PhD Social Anthropology / Programme details
Year of entry: 2023
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The staff are very supportive, and always suggests new spaces to develop your research.
In the case of Anthropology, it must be the most vibrant atmosphere there is in the UK at the moment, including the particular strength of Visual Anthropology.Martin Larsson / PhD Social Anthropology Student
The Social Anthropology PhD programme involves substantial original research, normally including ethnographic fieldwork of 12-18 months and leading to the production of a thesis of up to 80,000 words. Throughout, you work closely with an expert supervisor, with further guidance from at least one extra supervisor.
Duration of the programme is three or four years, full-time study (or part-time equivalent). Its structure depends on prior qualification:
- Students are registered on the PhD programme and, during the first year, take a set of research training courses. After about 10 months (or 20 in part-time study) you will produce a 12,000-15,000 word research proposal. This proposal is examined in an oral viva. Successful completion of this viva and of coursework at satisfactory level, is a condition for you to proceed to field research. After fieldwork, you will return to the University and start writing your dissertation under the guidance of your supervisors.
- If you have successfully completed our MA Anthropological Research (or equivalent ESRC-recognised course in another UK institution), you may be in a position to start fieldwork as soon as is practicable, provided that you have submitted a satisfactory research proposal as part of that degree and it has been approved by the School of Social Sciences. After fieldwork, you will return to the University and start writing your dissertation under the guidance of your supervisors.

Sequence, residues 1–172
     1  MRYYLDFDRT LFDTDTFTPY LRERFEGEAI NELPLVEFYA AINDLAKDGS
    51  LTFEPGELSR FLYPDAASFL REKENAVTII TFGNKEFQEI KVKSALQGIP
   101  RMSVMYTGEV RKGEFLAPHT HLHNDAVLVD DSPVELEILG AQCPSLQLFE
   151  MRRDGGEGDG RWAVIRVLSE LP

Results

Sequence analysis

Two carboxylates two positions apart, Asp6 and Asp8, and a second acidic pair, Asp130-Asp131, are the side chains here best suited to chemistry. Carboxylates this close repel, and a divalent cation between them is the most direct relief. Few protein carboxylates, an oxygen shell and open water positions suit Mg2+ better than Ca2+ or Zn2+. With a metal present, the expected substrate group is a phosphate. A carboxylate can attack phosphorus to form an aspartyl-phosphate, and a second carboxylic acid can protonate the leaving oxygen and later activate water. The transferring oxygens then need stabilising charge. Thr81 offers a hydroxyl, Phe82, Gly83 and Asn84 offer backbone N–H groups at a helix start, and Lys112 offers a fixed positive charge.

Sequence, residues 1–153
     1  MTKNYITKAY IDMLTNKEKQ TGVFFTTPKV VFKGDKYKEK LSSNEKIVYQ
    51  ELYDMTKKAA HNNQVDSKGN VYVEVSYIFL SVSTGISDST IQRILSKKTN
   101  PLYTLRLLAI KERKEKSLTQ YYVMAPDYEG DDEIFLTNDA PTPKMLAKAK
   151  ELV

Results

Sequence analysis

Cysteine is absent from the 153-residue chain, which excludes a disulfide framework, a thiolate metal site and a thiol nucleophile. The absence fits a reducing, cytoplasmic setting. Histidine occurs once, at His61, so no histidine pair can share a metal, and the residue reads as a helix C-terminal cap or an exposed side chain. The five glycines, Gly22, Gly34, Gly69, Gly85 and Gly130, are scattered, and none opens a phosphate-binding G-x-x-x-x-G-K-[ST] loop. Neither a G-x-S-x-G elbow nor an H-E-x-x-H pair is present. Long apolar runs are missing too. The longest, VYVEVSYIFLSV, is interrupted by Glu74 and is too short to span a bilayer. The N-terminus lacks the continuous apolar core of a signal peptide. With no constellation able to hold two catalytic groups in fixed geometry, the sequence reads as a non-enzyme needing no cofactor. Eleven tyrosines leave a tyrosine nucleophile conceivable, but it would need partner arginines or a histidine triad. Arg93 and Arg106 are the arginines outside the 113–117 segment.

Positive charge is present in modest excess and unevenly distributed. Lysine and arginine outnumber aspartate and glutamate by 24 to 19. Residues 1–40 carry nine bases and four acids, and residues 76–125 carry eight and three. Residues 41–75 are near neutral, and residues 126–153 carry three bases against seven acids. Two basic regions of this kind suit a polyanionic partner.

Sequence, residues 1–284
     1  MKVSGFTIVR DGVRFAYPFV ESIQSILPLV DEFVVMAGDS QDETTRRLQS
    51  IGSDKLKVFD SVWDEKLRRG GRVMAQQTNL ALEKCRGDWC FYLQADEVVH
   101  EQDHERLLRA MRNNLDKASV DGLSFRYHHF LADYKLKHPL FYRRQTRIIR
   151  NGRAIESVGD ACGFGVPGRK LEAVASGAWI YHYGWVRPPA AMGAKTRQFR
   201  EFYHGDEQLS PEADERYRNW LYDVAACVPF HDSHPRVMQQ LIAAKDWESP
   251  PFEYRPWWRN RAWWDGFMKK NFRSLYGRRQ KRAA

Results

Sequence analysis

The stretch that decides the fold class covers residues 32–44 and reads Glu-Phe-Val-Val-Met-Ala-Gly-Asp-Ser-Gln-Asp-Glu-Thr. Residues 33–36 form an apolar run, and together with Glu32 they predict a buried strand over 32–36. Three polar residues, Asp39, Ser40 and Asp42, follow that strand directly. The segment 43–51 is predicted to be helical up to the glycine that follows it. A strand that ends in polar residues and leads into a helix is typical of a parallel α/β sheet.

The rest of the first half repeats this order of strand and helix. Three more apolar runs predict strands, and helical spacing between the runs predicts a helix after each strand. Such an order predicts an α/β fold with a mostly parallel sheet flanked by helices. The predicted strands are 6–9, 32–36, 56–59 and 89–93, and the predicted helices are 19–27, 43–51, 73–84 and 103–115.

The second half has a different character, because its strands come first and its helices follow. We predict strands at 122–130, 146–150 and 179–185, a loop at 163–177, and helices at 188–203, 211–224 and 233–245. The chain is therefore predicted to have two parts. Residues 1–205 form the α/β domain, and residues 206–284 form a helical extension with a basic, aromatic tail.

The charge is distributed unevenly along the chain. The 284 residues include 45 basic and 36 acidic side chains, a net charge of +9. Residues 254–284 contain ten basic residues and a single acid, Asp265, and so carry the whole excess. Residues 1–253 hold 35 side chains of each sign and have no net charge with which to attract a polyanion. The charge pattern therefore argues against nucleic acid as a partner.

Social Anthropology at Manchester has a lively PhD community of students working in all of the world's continents and on a variety of topics. Find out what some of our current postgraduate researchers are working on.
Teaching and learning
During the first year, students who have not taken the MA Anthropological Research or an equivalent, normally take a number of research training units. Two core units are Issues in Ethnographic Research 1 and 2, geared towards research design and planning of your field study. In addition, the postgraduate seminar provides a forum for presentation, discussion and reflection amongst peers. A series of optional courses offer skills in additional methods such as quantitative approaches, archival research, working with memory, conducting elite interviews, etc.
At the same time, under the individualised guidance of your supervisors, you will read extensively around your research topic as well as relevant theoretical literature. To deepen your knowledge, you may also take particular units in social anthropology.
The objective of units and supervision during the first year is to produce a 12,000-15,000 word research proposal, which is examined in an oral viva. Successful completion of this viva and of coursework at satisfactory level, is a condition for you to proceed to field research. After fieldwork, normally 12-18 months, depending on concrete case, you return to the University and start writing your dissertation and, in some cases, editing audio-visual material. During this time, you will continue to work with your supervisors and to present your written work to the postgraduate seminar.